After a blank period of more than eight hundred years we find a fresh beginning, as it were, of sacred art— but only a beginning. The Christ of Vezelay, for instance, is still altogether an archaic production. The head is uninteresting, and the body disproportionately long. Much the same may be said of the Cluny Christ, here reproduced (fig. 16). The statue of
Christ which adorns the middle door on the west front of Chartres Cathedral (fig. 17) shows progress, but we cannot regard it as anything but immature work. Both these are twelfth century.
The thirteenth century, as is well known, marks the highest point of the first French Renaissance, which already in the fourteenth century began to decline. It was a period when some admirable works were produced. We may cite the statues of St. Firmin at Amiens and that of St. Theodore at Chartres, not to mention the famous Eve of Rheims, that disturbing woman who carries in her arms the evil spirit incarnate in the shape of a salamander, and who is hesitating whether or not to take the apple that the beast holds in its jaws. One may admire at Cluny the draped statue which came from the Sainte Chapelle at Paris ; it is almost a perfect example.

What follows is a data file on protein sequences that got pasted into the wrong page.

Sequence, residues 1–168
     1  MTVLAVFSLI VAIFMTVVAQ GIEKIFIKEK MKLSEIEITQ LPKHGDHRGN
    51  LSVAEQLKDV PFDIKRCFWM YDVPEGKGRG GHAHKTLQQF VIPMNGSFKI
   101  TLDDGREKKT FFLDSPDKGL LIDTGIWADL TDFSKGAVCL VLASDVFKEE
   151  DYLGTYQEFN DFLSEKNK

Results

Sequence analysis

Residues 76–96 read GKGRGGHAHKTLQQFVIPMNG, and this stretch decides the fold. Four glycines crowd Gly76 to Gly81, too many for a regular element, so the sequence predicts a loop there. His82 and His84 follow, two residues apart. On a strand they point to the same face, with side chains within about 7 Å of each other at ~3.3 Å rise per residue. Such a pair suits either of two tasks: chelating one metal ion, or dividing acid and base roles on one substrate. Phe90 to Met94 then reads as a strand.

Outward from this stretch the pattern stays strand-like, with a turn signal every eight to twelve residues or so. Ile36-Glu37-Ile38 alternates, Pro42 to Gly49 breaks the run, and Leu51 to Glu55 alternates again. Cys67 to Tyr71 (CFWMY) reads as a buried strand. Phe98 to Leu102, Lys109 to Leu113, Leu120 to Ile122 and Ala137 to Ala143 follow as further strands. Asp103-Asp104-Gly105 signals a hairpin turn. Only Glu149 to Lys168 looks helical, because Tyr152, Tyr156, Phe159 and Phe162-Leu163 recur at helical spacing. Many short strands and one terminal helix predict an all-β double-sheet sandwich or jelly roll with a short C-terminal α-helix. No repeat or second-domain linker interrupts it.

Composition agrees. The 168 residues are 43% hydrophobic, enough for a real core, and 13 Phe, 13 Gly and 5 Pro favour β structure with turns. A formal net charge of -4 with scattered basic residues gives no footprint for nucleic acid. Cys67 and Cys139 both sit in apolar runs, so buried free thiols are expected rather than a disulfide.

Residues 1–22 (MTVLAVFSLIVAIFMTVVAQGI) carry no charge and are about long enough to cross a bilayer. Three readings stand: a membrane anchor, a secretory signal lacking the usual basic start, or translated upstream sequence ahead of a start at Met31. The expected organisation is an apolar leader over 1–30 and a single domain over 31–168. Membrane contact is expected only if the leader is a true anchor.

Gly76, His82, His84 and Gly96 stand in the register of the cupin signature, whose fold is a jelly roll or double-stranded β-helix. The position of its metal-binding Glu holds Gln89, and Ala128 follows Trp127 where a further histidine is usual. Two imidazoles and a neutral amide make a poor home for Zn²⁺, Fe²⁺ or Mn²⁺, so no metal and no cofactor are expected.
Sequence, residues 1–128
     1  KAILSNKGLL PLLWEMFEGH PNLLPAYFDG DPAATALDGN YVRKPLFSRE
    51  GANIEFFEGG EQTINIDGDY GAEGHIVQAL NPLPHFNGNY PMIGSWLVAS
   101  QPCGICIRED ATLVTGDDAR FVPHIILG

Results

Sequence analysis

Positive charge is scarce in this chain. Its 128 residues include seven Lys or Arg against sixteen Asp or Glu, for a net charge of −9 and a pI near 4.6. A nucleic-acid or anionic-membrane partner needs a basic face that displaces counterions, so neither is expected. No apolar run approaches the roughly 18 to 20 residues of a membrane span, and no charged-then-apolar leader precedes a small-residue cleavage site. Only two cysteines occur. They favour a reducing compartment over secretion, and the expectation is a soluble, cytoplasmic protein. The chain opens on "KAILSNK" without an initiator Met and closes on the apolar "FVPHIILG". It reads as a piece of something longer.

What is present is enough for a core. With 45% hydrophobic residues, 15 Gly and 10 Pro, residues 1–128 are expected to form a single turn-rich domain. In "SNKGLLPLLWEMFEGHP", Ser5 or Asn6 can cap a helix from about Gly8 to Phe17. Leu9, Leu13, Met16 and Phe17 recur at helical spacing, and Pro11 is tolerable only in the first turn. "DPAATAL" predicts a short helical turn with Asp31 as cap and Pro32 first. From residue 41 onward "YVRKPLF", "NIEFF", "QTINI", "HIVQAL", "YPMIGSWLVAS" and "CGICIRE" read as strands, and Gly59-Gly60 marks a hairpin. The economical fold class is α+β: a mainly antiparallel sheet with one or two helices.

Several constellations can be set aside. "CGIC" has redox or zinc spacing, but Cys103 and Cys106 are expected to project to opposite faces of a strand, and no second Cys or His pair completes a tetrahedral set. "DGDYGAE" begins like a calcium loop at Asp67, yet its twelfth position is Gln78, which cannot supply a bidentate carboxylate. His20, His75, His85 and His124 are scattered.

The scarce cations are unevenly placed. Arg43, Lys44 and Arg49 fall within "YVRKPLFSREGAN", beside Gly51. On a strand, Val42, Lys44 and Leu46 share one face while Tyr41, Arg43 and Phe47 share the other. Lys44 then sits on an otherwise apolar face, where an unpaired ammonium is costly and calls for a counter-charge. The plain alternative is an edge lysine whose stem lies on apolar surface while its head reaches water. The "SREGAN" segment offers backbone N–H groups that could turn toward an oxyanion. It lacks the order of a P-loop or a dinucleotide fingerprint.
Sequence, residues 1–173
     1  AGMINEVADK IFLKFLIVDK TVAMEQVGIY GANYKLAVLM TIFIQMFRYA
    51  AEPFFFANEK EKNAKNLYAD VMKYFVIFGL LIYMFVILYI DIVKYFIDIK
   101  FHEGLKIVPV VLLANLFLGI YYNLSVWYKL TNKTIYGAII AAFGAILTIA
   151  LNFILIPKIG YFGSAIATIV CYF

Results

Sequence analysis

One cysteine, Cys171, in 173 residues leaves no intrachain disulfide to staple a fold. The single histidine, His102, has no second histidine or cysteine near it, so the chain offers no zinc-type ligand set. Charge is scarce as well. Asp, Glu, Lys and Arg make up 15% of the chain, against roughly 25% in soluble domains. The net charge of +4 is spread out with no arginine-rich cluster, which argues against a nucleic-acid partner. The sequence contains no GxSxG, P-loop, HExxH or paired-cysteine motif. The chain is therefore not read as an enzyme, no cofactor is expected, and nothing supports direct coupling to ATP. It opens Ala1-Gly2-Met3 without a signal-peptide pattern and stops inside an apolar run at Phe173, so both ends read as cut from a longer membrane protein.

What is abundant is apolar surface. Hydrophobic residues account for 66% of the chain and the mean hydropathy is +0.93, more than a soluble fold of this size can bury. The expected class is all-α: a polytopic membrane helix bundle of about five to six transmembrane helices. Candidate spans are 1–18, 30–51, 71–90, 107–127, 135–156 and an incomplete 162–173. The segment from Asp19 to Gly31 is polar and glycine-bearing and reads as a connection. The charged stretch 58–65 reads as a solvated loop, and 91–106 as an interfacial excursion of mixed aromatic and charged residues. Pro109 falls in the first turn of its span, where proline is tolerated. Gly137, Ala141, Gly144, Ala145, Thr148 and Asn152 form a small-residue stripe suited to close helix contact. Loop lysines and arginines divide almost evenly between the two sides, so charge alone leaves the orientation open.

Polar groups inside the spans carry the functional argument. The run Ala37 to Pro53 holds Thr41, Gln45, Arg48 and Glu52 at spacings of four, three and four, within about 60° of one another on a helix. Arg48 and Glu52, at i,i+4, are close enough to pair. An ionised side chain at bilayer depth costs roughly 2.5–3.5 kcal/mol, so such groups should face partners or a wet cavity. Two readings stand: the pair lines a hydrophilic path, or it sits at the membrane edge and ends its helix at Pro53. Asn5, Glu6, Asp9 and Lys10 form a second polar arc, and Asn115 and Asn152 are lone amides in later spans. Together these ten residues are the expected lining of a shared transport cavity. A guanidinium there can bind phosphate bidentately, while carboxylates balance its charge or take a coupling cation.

All, however, are not equally beautiful. The Christ in the act of blessing at Vezelay looks at His visitors with a tranquil air, the eyes somewhat prominent, and the figure leaning a little in a quasi - familiar attitude. The mouth, however, is full of expression. A breath of true art like this elevates in our eyes the artists of the thirteenth century, who, whatever their faults, were never either awkward or cold. Better still, we may draw attention to the Christ teaching (fig. 18) on the south door of Chartres Cathedral.
This is a life-like presentment. It is a teacher persuasive and persuaded, but none the less it is but a man, an ordinary French artizan, such as one might meet anywhere in the town and in whom no ray of inspiration can be perceived.